On 12 December 2017, Article 29 Working Party (WP29) published its long-awaited draft guidelines on consent under the GDPR. The guidelines build on WP29’s ‘Opinion on the definition of consent’, adopted in July 2011. As with the draft guidance on transparency, published the same day, WP29 invites comments to be submitted by 23 January 2018.

The guidelines state that generally, in order to use consent as an appropriate lawful basis the data subject should be offered control and genuine choice when it comes to accepting or declining the terms of processing. The guidelines are broken down into various sections. These sections analyse the different parts of the wording of Article 4(11) of the GDPR, which defines consent, and look into whether controllers need to amend their consent forms in order to comply with the GDPR.

Article 4(11): “‘consent’ of the data subject means any freely given, specific, informed and unambiguous indication of the data subject’s wishes by which he or she, by a statement or by a clear affirmative action, signifies agreement to the processing of personal data relating to him or her”.

The analysis is divided into the following sections:

  • Free/freely given
  • Imbalance of power
  • Conditionality
  • Granularity
  • Detriment
  • Specific
  • Informed
  • Unambiguous indication of wishes
  • Additional conditions for obtaining valid consent
  • Interaction between consent and other lawful grounds in Article 6 GDPR
  • Specific areas of concern in the GDPR
  • Consent obtained under Directive 95/46/EC

Under the granularity section, the guidance states that in order to comply with the conditions for valid consent when the processing of personal data is carried out for several purposes, each purpose will need to be separated and consent will need to be obtained for each one. The example provided is a retailer asking its customers for consent to use their data to send marketing emails and to share their details with other companies within their group. Under these circumstances, such consent is not valid as these are two separate purposes and therefore two separate consents are required.

WP29 also lists the minimum information that data subjects need to be provided with in order for consent to be ‘informed’ and therefore, valid. The guidance also states that in certain circumstances more information may be needed in order to properly inform the data subjects of the processing and allow them to make a genuine choice.

The issue of how consent should be given in order to be valid under the GDPR has been a hot topic of discussion. The guidelines state that physical motions can be considered a clear affirmative action that complies with the GDPR. Some examples of how consent may be given through electronic means and be considered valid are: swiping on a screen, waiving in front of a smart camera, and turning a smartphone around clockwise or in a figure eight motion. WP29 states that these are all possible options to indicate consent. WP29 also touches upon the fact that in an online context, one example of obtaining consent is via data subject’s Internet browser settings. This somewhat circumvents the issue of ‘click fatigue’ when users are faced with multiple consent requests and do not properly read what they are consenting to.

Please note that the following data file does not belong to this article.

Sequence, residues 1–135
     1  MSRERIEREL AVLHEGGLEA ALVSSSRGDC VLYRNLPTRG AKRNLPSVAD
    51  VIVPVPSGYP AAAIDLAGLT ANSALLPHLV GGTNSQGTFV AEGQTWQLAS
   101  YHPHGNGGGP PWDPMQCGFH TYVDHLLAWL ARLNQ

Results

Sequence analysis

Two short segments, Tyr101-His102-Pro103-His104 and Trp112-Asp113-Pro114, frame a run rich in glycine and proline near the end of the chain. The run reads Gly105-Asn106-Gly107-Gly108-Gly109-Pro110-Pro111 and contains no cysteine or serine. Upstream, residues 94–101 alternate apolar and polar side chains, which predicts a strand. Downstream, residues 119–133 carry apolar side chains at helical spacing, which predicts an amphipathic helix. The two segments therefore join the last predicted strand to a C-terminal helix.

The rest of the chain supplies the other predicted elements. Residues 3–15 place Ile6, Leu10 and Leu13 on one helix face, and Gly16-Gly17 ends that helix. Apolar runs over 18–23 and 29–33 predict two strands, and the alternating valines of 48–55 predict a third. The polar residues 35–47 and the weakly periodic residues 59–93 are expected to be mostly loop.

For organisations wondering if their current processing consents are valid, the guidelines state that data controllers must review their current work processes and records in detail to make sure that all existing consents meet the GDPR standard. Since the GDPR introduces various new requirements and raises the bar when it comes to implementing consent mechanisms it is likely that controllers will need to alter their consent mechanisms as well as rewriting their privacy policies. WP29 states that is that all presumed consents that were based on an implied form of action instead of a clear affirmative action will not be considered valid under the GDPR, an example of which is having a pre-ticked opt-in box.

The guidelines make reference to the fact that WP29 is aware that that notion of consent under the draft ePrivacy Regulation is linked to that of consent under the GDPR. They state that WP29 has provided the European legislator with guidance and recommendations in this respect. The guidelines further state that the conditions for obtaining valid consent under the GDPR are applicable in situations that fall under the scope of the e-Privacy Directive.